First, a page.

Fruits and Vegetables: To Peel or Not To Peel?
By Alyssa Adler
Fruits and vegetables are known for their phytonutrients, which have outstanding health benefits such as reducing risk factors for cancer and chronic diseases. These phytonutrients are mostly found on the outside of plants, specifically on the skin. The phytonutrient content increases with ripeness and with any puncture to the skin such as fermenting, cutting or crushing. The skin of plants also contains tons of fiber, antioxidants, vitamins and minerals. Simply put, it is important to try and eat the entire fruit or vegetable to maximize health benefits.
Studies have shown that vegetables of the carotenoid and cruciferous families have the greatest cancer protection. The carotenoids include red, orange and yellow-colored vegetables while the cruciferous family includes broccoli, cauliflower, brussels sprouts, cabbage and kale. A general rule of thumb is the deeper the color of the vegetable, the greater amount of phytonutrients.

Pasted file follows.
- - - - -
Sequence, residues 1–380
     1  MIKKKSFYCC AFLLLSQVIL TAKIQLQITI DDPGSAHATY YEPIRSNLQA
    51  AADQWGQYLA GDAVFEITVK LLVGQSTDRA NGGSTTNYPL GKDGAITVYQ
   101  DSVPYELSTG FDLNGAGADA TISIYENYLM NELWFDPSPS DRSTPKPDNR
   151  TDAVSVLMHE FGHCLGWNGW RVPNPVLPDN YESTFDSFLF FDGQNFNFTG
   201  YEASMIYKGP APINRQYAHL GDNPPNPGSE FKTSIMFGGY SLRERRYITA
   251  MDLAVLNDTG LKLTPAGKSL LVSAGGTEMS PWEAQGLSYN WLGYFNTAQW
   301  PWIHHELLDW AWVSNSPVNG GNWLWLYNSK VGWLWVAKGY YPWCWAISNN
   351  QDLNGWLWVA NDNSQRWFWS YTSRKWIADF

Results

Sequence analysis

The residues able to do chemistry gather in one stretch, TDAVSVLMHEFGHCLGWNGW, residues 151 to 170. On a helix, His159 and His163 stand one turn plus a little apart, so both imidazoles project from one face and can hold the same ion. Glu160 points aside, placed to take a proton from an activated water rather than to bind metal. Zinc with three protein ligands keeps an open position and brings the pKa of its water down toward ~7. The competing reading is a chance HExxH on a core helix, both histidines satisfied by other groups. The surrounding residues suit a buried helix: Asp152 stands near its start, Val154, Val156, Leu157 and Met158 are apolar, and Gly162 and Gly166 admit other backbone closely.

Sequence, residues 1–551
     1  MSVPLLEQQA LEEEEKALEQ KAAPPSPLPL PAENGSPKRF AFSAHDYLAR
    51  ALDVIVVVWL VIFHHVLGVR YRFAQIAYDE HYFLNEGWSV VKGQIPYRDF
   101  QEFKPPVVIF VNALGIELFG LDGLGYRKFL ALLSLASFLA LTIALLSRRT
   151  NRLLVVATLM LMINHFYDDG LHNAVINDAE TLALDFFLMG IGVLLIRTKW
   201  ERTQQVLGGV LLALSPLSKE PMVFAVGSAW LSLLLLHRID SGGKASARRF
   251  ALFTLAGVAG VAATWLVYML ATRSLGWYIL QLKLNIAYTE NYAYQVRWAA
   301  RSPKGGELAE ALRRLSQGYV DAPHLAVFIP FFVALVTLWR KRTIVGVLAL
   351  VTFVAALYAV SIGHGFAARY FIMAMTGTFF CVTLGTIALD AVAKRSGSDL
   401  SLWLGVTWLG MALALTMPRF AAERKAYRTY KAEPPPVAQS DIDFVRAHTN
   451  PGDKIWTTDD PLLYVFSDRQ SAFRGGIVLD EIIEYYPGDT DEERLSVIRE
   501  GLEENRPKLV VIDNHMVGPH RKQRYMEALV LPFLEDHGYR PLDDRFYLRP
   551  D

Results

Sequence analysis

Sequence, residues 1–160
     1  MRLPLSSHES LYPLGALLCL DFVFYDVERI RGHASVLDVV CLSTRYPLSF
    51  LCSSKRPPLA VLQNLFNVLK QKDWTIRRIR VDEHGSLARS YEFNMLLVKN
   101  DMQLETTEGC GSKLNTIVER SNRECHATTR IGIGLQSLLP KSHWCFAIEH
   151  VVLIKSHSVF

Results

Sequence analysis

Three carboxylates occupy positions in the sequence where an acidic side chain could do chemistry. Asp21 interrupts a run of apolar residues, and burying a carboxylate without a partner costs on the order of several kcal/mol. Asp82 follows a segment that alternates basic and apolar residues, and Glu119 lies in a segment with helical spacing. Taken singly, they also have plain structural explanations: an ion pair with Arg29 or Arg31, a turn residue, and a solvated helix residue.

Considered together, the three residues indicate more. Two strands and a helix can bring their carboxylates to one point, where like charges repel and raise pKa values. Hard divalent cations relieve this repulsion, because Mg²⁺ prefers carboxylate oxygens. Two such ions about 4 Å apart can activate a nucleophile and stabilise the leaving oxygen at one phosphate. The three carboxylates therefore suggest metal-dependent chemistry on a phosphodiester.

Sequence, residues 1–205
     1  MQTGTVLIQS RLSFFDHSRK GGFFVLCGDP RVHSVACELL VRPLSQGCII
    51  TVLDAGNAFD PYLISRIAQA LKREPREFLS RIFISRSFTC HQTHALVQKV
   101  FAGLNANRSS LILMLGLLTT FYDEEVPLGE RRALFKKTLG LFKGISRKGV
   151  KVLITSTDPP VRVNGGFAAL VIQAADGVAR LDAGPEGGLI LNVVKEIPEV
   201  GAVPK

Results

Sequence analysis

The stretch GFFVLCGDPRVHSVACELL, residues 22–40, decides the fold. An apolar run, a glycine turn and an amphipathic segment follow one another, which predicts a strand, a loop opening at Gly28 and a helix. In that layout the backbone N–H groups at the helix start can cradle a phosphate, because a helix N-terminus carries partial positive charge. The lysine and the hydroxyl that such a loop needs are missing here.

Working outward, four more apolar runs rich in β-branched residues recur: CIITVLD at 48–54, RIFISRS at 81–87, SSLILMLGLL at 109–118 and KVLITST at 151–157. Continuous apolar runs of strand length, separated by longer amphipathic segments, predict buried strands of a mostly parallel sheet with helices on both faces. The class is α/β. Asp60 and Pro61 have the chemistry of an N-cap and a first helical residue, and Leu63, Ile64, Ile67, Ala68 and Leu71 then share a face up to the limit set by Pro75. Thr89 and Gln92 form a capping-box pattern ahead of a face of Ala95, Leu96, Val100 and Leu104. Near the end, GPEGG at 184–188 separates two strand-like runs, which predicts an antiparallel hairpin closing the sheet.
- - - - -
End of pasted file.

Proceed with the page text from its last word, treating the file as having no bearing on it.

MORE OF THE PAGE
People often peel fruits and vegetables to take stress off their digestive system or to reduce the amount of pesticides. If you’d prefer to leave the skin on but still make them easier to eat and digest you can always cook them. Check out our Strawberry Fruit Compote and Poached Pears with Blueberry Sauce for some great ideas. In addition, try our Zucchini with Mint or Stir-Fried Kale with Ginger to add those veggies into the diet.
In order to remove pesticides, wash the fruit or vegetable thoroughly under cold water and scrub with a stiff brush to wash away any dirt or chemicals (FDA). With proper washing, you are able to remove those pesticides in order to reap all possible health benefits from the skin and inner flesh of fruits and vegetables.